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The Linder Firm July 23, 2021

If you’ve been arrested for a drug crime in Texas, it’s important to know exactly what your rights are. Moving forward in your case without knowing your rights can result in mistakes that harm your chances of a favorable verdict in court. Explore this guide to get to know your constitutional rights and ensure that they aren’t violated at any time.

Knowing Your Constitutional Rights

Once you’ve been arrested and charged with a crime, you’re considered a criminal defendant. The U.S. constitution includes certain rights that are designed to protect you during this stressful time. It’s essential to know these rights throughout the process of being arrested and questioned so you don’t accidentally incriminate yourself.

Some of the most important rights you have as a defendant include:

Protection from Unreasonable Searches and Seizures

The fourth amendment protects all defendants from being searched without probable cause. In other words, a police officer can’t just randomly search you or your property without warning — they either need a warrant from the court or a clearly valid reason to search (such as illegal drugs that are visible in your home or a weapon that’s visible in your clothes).

This is to ensure that any illegally obtained evidence can’t be used against you in court. Keep in mind that if you give the cop permission to search you, this protection won’t hold up.

The Right to Remain Silent

You may have noticed that when people get arrested in movies or on TV, they’re often told that they have the right to remain silent. This is part of your Miranda Rights, which must be read to you by the officer at the time they arrest you.

Any statements you make or details you discuss with police can be used against you in court, so it’s essential that you’re aware of your right to remain silent and exercise it.

The Right to Representation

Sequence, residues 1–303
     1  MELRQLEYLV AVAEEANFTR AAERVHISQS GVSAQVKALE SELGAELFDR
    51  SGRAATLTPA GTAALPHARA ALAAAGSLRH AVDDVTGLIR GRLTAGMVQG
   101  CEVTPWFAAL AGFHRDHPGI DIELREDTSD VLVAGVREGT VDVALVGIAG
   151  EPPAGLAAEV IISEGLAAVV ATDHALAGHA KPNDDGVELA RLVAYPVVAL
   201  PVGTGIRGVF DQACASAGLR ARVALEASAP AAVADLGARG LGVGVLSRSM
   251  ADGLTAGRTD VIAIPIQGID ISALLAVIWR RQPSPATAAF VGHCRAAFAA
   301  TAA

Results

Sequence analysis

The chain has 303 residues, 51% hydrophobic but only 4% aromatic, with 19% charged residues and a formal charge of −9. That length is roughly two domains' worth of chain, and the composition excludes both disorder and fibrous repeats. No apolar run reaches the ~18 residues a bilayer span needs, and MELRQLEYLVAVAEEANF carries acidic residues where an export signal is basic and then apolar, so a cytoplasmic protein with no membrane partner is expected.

Every criminal defendant is entitled to legal representation. If you can’t afford a lawyer, the court will appoint a public defender to handle your case and ensure your rights are protected in court. It’s also crucial to keep in mind that if you’re being questioned by police, you don’t have to answer anything until your lawyer is present and can advise you on how to proceed.

The Right to A Speedy Trial

The right to a speedy trial is designed to ensure that you’re tried shortly after your arrest, rather than being held in prison for a lengthy time period before the trial takes place. If you believe that this right has been violated, don’t hesitate to speak to an attorney.

The Right Against Double Jeopardy

If you’ve been tried for a crime, the constitution makes it illegal to try you again for the same crime. Whether you’re found guilty or innocent in the verdict, you can’t be re-tried unless the charges are all new. This is to prevent biased or unfair trials and make sure that valid acquittals can’t be overturned.

The Right to A Public Jury Trial

Anyone who is arrested in the U.S. is entitled to a trial by a jury of their own peers. You can’t be sentenced to prison or other punishments without a grand jury verdict that’s upheld by the presiding judge.

Hire Phillip A. Linder for Top Quality Representation in Court

With over 25 years of experience on both sides of the courts in Texas, our Dallas criminal defense attorney understands the stresses that clients go through when they’re being charged with a crime. Hire Phillip A. Linder and you’ll be putting decades of real experience on your side. Contact our Dallas law firm today to schedule a free consultation.